Approaching the #Greferendum on Sunday, pollsters say the race between 'yes' and 'no' is too close to call. Are there other ways to gauge the mood of the Greek electorate ahead of this decision?
Figures for car sales in the United States have shown robust growth among German carmakers as more Americans can afford to buy new vehicles, while demand in Germany itself has dropped dramatically over the past year.
BMW stock went up on Wednesday after news that the German car manufacturer saw robust sales growth in the United States, while demand for new cars in Europe remained low.
The Bavarian carmaker sold 33,100 cars in the United States in March, an increase of 11.2 percent over March 2012, according to figures released on Tuesday. Investors welcomed the news, pushing BMW shares up around 1 percent at the opening of trading on Wednesday.
Audi's US sales also saw a double-digit percentage increase in March, growing 14.4 percent to 13,300 cars. Germany's largest carmaker, Volkswagen, sold 37,700 units in March, an increase of 3.1 percent.
The most impressive growth among German carmakers came from Porsche, which is owned by VW. The luxury sports brand sold 41.7 percent more cars in the US last month than March 2012. However Porsche's market share remained small, with only 3,500 cars sold.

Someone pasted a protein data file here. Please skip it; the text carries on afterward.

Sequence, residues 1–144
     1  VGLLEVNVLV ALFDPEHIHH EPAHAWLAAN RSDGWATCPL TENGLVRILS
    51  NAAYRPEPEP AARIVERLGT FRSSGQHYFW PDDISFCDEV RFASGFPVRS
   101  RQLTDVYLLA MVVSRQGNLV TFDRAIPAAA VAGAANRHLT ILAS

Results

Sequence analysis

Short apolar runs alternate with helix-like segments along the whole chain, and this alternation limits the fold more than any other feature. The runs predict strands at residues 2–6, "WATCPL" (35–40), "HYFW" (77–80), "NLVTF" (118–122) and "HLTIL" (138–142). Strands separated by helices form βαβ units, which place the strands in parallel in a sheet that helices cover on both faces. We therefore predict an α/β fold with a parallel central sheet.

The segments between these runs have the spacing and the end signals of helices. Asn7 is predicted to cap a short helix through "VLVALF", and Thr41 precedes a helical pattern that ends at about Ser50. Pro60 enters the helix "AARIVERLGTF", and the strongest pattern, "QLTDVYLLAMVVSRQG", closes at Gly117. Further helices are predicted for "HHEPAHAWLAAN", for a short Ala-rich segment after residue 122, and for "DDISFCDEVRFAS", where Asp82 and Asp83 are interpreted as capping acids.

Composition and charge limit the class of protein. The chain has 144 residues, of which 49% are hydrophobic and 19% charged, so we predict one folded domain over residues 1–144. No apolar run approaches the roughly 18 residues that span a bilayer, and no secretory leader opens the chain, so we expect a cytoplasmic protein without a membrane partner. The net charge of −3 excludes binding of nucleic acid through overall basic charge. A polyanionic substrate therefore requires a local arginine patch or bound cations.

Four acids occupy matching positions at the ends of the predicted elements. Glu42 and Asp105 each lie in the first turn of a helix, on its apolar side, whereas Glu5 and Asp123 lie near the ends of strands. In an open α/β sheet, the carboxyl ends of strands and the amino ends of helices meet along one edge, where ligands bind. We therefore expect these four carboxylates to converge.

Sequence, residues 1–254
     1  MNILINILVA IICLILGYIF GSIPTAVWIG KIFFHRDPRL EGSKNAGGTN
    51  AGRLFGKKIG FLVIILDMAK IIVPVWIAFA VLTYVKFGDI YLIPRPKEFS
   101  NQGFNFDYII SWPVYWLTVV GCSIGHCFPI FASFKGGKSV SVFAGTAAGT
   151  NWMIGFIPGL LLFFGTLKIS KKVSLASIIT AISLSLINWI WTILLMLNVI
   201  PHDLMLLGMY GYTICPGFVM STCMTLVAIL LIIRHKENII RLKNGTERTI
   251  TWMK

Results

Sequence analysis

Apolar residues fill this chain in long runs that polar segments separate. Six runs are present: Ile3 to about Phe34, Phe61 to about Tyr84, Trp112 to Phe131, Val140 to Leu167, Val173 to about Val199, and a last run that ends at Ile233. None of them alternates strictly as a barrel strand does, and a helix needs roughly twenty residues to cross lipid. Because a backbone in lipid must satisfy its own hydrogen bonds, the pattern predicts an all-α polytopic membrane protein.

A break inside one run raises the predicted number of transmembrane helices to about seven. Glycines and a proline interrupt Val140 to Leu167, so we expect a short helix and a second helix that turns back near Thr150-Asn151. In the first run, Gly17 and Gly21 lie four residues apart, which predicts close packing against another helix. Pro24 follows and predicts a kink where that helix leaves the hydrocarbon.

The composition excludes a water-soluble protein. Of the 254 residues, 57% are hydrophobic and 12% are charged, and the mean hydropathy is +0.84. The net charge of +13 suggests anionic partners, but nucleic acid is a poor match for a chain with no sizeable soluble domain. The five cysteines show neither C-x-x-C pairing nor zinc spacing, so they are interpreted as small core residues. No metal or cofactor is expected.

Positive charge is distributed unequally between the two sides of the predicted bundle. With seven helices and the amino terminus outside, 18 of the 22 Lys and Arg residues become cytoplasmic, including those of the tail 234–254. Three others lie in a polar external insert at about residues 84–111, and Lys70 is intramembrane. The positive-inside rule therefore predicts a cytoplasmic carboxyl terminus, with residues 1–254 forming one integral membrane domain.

Much of the growth among German carmakers outpaced US competitors GM and Ford, whose sales shot up 6.4 percent and 5.7 percent, respectively. Analysts attributed the broad growth in US demand to tax refunds, generally low interest rates and attractive new models hitting the market.
The March figures came as consulting firm Ernst & Young released a study on Wednesday that found German auto manufacturers have increased their sales by 78 percent over the last decade. Among the world's 17 largest carmakers, German firms VW, Daimler and BMW also saw the greatest increase in revenues before taxes and interest, earning 281 percent more in 2013 than 2003. US carmakers saw a revenues increase by 131 percent, while earnings among Japanese companies fell by 8 percent, attributable to business disruptions by the earthquake and tsunami in 2011.
Paltry demand in Europe
The US figures stood in stark contrast to Europe, where sales have dropped significantly. Consumers in France bought 16.4 percent fewer cars last month than in March 2012, while sales in Spain fell 13.9 percent. The drop in Italy, the fourth-largest car market in Europe, was more moderate, at 4.9 percent.
Car sales in Germany, Europe's largest economy, fell dramatically over the past year. Only about 281,200 cars were registered in March - 17.1 percent fewer than the same month last year, according to the official KBA agency. The first three months of 2013 combined saw 12.9 percent fewer car sales than the same time period in 2012.
The Germany-based Association of International Motor Vehicle Manufacturers (VDIK) said the poor sales were due in part to the fact that March this year had two fewer working days than last year.
"The additional working days in April could contribute to improved results, but all together the motor vehicle industry will still face many challenges in 2013," said VDIK President Volker Lange.
acb/jr (Reuters, dpa)